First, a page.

And when we are able to bring this to the floor, we will certainly have a serious and thoughtful debate in the Senate. There are many conflicting points of view. And I recognize these differing views more than ever in my service as majority leader: I’ve had so many individual and private conversations with my colleagues that reflect the diversity and complexity of thought on this issue.
So how do we reconcile these differing views? As individuals, each of us holds views shaped by factors of intellect, of emotion, of spirit. If your daughter has diabetes, if your father has Parkinson’s, if your sister has a spinal cord injury, your views will be swayed more powerfully than you can imagine by the hope that cure will be found in those magnificent cells, recently discovered, that today originate only in an embryo.
As a physician, one should give hope — but never false hope. Policy makers, similarly, should not overpromise and give false hope to those suffering from disease. And we must be careful to always stay within clear and comprehensive ethical and moral guidelines — the soul of our civilization and the conscience of our nation demand it.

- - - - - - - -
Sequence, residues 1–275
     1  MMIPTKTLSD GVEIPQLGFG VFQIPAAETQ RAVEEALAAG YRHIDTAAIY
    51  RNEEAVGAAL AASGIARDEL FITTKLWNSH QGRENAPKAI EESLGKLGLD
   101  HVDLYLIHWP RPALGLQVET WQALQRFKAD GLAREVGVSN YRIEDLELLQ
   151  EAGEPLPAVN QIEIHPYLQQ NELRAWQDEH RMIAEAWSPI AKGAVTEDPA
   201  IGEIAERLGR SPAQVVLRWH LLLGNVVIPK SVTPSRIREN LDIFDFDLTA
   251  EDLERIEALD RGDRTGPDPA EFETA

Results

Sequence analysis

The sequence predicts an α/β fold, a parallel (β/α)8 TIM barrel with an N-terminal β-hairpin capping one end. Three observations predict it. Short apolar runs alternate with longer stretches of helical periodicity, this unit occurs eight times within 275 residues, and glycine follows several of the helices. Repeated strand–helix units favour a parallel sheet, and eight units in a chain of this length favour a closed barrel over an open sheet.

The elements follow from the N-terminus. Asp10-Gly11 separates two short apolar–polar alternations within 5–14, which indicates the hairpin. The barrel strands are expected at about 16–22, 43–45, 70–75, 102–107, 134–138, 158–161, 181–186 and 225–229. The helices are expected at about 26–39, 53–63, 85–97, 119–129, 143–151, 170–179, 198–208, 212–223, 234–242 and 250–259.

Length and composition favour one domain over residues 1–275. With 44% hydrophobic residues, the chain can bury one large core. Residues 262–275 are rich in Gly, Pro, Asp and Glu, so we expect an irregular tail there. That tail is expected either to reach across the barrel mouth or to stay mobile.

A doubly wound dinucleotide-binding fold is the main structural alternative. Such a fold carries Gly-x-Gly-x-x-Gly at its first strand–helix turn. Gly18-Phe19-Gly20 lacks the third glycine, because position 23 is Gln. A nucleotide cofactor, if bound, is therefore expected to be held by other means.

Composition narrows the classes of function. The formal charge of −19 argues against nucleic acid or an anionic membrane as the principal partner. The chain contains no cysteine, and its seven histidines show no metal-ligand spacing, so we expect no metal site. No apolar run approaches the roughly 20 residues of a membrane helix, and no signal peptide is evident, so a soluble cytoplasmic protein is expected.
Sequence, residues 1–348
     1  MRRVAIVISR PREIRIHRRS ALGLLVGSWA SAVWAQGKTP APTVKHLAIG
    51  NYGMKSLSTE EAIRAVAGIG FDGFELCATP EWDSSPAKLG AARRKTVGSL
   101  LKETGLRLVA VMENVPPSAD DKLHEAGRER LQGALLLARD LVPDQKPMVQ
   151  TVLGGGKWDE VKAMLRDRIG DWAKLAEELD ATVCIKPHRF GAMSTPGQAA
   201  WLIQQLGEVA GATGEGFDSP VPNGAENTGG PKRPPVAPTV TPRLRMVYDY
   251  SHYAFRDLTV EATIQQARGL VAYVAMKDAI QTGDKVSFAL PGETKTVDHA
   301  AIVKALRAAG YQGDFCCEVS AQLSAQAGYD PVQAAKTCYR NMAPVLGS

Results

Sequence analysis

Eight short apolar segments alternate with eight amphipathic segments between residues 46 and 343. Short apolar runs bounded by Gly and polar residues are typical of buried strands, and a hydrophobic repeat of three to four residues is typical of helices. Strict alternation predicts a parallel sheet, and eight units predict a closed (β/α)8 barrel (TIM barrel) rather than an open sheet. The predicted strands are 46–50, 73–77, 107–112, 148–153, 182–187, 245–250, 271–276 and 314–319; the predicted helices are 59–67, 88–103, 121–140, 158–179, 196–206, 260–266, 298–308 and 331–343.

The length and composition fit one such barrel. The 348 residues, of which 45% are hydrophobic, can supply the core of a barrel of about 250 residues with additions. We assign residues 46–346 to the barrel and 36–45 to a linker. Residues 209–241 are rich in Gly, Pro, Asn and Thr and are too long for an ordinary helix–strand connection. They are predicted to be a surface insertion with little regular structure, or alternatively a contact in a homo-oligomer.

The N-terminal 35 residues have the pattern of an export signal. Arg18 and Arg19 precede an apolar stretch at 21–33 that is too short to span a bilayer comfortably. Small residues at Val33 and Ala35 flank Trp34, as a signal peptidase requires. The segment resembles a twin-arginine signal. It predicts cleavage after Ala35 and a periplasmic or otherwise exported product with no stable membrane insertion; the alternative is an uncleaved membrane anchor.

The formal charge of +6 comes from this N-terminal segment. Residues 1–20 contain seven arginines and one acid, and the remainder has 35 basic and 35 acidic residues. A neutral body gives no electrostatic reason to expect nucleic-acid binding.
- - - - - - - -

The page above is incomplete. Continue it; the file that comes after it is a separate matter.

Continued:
Cure today may be just a theory, a hope, a dream. But the promise is powerful enough that I believe this research deserves our increased energy and focus. Embryonic stem cell research must be supported. It’s time for a modified policy — the right policy for this moment in time.